Low-wage workers need a boost. In the last few years, their wages have fallen sharply and now are no different than they were 40 years ago, adjusted for inflation (see chart), leaving millions struggling to afford basics like decent housing in safe neighborhoods, nutritious food, reliable transportation, and quality child care. As we detail in a new paper, states can use two effective policy tools to help working families and individuals meet their basic needs and pursue a path to financial stability: state earned income tax credits (EITCs) and minimum wages. The two work best when states strengthen them at the same time.
State EITCs and minimum wages help make work pay for families who earn low wages. They increase income, widen the path out of poverty, and reduce income inequality. They also help to build a stronger future economy because lifting family income for young, low-income children can result in improved learning and educational attainment and higher future earnings in adulthood.
While each policy is effective in its own right, state EITCs and minimum wages build upon each other’s effectiveness in boosting the prospects of low-wage working families. State policymakers should improve them in tandem. Here’s why:
State minimum wages and EITCs reach overlapping but different populations. State EITCs primarily target low-income families with children and are available to working families earning more than three times a full-time minimum wage worker’s annual salary of $14,500. The minimum wage goes to the very lowest-wage workers, regardless of factors like family income, family status, or age.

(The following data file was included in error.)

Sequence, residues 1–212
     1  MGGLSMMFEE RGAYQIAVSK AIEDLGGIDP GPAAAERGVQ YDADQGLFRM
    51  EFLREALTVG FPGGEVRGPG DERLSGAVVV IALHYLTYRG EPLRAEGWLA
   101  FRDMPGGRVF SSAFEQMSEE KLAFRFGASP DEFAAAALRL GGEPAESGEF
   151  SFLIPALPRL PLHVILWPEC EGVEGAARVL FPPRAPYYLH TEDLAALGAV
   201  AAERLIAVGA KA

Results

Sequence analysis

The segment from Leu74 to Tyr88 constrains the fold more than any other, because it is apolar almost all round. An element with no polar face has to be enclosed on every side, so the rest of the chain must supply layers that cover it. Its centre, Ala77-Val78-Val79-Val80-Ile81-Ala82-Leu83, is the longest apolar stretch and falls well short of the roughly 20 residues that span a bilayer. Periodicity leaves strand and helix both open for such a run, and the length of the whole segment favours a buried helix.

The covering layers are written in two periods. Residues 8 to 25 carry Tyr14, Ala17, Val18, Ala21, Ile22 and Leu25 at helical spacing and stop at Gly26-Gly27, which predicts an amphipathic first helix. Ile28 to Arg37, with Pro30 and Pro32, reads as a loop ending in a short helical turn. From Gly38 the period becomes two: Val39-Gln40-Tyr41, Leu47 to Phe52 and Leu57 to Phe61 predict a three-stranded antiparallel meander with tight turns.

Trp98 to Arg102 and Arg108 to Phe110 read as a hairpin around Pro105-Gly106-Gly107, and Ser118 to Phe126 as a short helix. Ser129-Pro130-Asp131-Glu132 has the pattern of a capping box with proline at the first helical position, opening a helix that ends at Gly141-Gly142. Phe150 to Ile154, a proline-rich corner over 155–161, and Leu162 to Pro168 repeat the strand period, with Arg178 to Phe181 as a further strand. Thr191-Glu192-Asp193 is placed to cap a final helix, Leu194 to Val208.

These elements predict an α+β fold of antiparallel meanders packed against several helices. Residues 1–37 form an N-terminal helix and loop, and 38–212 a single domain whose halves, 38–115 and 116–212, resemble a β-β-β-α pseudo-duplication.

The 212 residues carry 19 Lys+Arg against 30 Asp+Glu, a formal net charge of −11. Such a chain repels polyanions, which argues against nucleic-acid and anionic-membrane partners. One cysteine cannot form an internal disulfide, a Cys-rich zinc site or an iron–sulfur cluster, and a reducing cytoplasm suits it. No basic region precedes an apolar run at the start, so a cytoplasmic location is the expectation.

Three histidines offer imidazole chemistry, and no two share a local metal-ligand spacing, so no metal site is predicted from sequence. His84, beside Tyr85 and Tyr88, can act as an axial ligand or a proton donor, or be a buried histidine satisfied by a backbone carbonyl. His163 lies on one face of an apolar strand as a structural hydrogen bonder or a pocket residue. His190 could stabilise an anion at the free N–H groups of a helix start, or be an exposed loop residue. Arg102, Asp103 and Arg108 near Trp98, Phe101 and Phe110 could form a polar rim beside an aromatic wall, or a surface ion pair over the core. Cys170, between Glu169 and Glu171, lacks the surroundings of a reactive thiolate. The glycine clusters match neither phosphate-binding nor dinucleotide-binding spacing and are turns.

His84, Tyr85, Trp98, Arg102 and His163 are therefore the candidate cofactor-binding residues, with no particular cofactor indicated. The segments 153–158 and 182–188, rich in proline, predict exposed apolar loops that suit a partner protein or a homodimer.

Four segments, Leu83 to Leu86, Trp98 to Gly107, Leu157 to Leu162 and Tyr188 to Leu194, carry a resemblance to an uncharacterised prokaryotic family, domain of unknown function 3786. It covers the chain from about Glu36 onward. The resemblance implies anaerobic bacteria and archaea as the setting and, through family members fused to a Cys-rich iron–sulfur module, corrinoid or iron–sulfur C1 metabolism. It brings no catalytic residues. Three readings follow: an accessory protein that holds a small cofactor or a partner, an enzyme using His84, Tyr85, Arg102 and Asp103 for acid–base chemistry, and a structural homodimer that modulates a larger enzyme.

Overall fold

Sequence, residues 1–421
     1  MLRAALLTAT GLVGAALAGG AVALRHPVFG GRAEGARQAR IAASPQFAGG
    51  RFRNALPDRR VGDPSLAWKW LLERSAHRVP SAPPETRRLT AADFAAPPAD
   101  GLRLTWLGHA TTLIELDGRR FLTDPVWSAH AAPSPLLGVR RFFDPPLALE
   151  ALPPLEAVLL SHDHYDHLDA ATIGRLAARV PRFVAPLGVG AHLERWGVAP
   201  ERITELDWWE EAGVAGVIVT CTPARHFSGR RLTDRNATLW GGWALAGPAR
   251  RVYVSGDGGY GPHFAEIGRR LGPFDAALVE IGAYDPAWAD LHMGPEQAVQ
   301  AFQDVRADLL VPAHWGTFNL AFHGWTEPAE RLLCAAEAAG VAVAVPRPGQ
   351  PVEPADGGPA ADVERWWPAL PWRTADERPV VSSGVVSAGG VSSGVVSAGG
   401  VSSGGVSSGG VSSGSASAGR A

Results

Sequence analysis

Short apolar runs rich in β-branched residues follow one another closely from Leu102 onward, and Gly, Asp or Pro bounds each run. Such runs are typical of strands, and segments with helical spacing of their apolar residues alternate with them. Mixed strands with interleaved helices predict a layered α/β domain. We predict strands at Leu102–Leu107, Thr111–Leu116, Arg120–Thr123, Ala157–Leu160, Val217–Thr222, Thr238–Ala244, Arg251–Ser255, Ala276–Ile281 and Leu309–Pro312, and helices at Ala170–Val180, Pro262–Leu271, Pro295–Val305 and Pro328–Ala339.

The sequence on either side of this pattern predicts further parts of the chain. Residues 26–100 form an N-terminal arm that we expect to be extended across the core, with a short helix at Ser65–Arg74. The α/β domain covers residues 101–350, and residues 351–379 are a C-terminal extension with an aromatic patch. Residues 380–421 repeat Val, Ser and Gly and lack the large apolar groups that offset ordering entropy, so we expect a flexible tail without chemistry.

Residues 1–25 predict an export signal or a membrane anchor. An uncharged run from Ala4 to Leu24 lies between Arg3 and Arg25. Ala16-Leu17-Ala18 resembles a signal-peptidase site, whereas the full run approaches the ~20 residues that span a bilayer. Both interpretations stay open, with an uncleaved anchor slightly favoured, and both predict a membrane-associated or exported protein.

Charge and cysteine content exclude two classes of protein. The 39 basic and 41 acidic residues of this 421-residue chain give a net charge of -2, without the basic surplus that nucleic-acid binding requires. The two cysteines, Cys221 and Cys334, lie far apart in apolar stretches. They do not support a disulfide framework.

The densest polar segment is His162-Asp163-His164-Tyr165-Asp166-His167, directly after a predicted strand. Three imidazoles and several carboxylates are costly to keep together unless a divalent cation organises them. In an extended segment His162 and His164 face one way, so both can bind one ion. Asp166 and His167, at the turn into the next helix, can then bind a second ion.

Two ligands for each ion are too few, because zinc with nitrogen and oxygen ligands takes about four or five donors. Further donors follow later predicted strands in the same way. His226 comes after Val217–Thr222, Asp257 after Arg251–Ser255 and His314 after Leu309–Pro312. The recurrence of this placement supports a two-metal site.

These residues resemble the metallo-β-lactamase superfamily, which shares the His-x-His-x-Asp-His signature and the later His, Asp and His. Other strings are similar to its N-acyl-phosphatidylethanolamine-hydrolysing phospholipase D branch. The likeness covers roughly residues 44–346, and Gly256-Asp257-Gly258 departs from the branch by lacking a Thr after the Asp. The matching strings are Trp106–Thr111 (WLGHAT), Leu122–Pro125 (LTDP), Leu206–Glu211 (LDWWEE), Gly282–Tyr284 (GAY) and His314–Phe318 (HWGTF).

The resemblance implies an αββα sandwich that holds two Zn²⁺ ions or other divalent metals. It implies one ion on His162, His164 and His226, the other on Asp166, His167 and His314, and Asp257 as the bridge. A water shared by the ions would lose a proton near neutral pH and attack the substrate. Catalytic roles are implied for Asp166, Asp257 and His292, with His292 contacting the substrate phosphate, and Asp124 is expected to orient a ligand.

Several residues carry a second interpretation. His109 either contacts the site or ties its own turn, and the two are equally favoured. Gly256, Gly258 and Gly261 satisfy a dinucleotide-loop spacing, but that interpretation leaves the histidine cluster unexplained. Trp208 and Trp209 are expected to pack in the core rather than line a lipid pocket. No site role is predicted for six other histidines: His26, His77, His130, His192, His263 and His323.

Increasing both at the same time provides added support to the working families who need it most. Together, a minimum wage boost and a robust state EITC can move families beyond poverty and further down the road to economic security. Also, a minimum wage increase provides the added benefit of increasing the EITC for some families.
The benefits of the two policies are timed differently. An expanded minimum wage increases every paycheck, which helps with routine expenses, like food, monthly bills, and rent. State EITCs are paid at tax time and can be used for larger, one-time expenses, like car repairs or a security deposit.
Improving both together allows the public and private sectors to share the cost of boosting incomes for those who work. The EITC is a cost largely borne by state government, and by extension state taxpayers. The state minimum wage is borne principally by the private sector, especially employers and consumers. Improving both policies spreads the cost of making work pay more broadly than does either policy alone.
Many states have increased their minimum wage and a few states have enacted EITC improvements in 2014. Three states — Maryland, Minnesota, and Rhode Island — and the District of Columbia have done both. Other states also should look to advance the two policies at the same time to make the biggest impact for families most in need.
Click here to read the full paper.